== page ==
How does a poem begin?
A poem begins with a thought with interesting words to it. The nature of their interest can be that the words feel so appropriate: that their sound encapsulates what they describe. It can be that they’re interesting because they sound beautiful, but that’s not necessary. Maybe they’re interesting because they are appropriately ugly, or appropriately distant. Maybe they’re interesting just because they’re not words you’d hear every day, but still: they came up in that thought, fitting what they describe so aptly that they can’t be ignored.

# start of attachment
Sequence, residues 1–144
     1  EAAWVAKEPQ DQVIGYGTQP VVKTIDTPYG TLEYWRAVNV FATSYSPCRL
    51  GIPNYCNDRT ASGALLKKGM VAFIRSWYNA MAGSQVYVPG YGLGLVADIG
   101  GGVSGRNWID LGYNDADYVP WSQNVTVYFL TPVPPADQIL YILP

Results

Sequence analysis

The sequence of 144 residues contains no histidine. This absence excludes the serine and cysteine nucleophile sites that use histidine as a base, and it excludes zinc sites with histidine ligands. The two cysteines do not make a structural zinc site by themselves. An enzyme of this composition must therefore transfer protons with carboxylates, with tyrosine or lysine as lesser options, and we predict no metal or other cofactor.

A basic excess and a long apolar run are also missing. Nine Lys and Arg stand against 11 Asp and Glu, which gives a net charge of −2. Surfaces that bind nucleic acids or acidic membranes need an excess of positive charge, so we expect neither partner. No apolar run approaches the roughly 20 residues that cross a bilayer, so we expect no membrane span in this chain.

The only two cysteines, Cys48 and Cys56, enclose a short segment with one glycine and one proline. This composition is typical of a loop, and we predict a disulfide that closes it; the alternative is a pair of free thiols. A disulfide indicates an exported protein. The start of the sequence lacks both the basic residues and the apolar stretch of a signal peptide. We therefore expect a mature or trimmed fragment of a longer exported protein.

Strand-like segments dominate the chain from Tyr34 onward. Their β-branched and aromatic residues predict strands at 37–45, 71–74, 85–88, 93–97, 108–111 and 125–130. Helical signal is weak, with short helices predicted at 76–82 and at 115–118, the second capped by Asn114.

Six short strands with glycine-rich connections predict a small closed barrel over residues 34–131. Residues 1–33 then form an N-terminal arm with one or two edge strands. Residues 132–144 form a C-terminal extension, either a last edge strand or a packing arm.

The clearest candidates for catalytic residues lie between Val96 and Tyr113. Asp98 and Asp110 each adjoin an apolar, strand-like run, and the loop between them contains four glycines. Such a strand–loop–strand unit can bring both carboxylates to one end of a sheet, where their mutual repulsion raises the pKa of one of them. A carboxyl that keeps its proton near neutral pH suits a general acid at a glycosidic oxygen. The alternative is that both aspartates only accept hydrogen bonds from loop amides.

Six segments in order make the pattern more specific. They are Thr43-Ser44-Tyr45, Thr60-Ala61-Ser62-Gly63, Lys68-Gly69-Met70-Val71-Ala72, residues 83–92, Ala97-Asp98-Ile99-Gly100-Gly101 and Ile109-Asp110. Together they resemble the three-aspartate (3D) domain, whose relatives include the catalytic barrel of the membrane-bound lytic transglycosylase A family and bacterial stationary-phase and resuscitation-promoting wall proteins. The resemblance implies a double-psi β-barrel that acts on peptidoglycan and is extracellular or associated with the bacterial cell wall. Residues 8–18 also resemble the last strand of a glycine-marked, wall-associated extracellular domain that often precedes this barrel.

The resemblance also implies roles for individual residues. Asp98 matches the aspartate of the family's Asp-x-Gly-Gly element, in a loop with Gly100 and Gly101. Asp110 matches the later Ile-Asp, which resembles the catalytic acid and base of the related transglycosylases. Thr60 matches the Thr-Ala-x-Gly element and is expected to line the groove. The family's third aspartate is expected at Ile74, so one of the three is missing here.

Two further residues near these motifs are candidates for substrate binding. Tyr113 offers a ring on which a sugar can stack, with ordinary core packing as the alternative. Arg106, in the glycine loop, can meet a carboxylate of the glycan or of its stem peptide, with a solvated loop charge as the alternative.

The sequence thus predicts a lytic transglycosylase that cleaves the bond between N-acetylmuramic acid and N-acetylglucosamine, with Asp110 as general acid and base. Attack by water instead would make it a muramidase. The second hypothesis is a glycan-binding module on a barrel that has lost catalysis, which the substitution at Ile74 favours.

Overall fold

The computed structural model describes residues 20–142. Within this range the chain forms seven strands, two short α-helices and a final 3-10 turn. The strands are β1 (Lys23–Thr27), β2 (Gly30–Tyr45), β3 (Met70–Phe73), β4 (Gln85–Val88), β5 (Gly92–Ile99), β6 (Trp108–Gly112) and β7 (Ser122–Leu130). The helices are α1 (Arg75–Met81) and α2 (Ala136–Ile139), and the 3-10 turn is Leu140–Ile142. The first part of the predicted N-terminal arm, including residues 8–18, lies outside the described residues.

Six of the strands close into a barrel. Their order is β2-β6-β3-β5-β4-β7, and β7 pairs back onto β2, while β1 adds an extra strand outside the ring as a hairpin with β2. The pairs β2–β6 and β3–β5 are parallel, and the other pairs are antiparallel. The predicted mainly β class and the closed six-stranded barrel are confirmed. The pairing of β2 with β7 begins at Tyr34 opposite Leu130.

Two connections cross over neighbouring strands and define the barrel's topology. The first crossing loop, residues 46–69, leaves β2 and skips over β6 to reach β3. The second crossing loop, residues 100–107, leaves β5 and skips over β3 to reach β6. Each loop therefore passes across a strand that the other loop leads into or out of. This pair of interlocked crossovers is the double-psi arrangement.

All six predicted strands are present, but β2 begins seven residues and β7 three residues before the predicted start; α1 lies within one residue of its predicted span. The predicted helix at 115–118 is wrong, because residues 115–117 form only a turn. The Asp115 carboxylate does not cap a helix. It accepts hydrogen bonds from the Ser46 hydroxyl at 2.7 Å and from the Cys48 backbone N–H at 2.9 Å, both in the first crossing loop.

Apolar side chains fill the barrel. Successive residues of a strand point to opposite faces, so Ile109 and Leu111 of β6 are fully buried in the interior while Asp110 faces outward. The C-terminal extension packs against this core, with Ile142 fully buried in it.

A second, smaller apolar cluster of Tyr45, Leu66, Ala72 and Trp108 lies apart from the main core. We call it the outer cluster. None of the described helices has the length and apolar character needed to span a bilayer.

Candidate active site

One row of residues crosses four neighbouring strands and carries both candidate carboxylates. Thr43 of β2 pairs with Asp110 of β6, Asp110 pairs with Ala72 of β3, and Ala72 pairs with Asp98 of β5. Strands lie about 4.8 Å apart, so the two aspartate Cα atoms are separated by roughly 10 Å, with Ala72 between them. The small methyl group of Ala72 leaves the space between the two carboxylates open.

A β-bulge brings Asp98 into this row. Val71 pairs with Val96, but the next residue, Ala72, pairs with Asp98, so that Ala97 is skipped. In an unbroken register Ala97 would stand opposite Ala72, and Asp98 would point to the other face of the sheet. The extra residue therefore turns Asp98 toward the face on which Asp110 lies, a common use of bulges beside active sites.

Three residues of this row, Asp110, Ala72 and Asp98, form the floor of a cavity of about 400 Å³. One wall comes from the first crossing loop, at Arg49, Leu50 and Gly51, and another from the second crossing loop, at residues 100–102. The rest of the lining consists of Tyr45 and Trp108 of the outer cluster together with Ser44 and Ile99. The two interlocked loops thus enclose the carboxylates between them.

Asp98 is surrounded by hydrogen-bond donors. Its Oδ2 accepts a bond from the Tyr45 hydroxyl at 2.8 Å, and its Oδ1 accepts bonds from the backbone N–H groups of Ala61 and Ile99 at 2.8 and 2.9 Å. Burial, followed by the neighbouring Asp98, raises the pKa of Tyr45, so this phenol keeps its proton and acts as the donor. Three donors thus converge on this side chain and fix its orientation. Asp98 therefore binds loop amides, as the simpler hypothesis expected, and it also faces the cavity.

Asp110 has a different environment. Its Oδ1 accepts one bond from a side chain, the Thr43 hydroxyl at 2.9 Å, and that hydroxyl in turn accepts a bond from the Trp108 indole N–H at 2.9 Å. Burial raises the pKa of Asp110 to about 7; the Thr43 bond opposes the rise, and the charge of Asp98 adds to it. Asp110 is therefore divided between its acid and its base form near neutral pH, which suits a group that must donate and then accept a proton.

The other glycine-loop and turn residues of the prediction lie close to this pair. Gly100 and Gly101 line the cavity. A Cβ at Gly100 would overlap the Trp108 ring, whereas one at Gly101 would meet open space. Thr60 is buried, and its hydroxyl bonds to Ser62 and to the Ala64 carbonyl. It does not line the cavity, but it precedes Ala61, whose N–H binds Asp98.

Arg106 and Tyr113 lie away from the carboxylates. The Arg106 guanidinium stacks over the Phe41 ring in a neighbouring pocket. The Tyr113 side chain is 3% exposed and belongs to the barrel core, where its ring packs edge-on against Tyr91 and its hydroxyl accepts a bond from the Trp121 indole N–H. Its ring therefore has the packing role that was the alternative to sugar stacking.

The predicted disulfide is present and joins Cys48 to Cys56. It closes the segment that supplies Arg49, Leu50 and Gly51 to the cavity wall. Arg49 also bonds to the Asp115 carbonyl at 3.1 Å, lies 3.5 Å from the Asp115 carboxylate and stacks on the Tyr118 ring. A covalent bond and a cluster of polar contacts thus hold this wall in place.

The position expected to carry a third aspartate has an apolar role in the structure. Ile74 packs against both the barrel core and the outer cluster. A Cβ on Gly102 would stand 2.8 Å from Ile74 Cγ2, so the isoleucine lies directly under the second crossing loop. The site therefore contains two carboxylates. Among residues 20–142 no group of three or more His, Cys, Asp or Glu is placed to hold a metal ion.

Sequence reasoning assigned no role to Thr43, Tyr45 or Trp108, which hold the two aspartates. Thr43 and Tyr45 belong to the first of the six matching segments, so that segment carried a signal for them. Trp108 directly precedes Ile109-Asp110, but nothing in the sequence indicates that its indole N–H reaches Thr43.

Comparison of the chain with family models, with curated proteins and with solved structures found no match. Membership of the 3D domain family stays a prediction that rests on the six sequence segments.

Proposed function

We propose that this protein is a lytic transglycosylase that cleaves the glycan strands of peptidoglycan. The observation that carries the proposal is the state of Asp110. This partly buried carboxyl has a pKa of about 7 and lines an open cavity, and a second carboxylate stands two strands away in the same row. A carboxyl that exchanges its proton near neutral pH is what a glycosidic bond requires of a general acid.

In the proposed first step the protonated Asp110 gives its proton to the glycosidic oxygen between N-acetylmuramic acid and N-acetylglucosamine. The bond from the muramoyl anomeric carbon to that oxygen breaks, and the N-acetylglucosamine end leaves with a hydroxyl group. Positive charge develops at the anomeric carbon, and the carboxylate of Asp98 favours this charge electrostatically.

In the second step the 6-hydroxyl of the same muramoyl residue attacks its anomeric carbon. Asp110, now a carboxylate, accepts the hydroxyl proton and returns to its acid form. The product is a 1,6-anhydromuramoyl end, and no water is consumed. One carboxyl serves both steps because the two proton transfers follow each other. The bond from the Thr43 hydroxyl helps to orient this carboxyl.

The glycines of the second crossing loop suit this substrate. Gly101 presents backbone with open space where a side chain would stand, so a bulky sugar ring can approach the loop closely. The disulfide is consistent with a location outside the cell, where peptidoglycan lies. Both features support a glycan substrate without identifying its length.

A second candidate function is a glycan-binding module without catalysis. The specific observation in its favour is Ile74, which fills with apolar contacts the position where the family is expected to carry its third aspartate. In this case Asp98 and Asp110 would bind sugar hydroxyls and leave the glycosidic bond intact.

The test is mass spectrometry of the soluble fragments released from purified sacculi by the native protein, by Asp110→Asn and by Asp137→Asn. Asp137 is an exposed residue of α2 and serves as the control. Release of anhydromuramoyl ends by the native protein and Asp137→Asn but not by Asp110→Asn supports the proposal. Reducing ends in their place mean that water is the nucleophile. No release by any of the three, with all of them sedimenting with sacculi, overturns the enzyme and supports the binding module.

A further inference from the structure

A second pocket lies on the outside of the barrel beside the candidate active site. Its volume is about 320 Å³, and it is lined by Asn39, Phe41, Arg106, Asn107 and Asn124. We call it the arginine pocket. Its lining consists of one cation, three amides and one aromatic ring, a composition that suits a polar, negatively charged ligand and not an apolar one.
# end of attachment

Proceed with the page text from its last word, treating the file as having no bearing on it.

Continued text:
If I follow the train of the thought, images bloom, and more words assign themselves. Sometimes I have a sense of where a poem will take me, sometimes I don’t. That’s what’s fun about poetry, versus narrative, where I’m usually steering. The form that the poem takes reveals itself. Even if I realize: this poem is a sonnet that will need to be completely restructured. I don’t usually begin by having that information.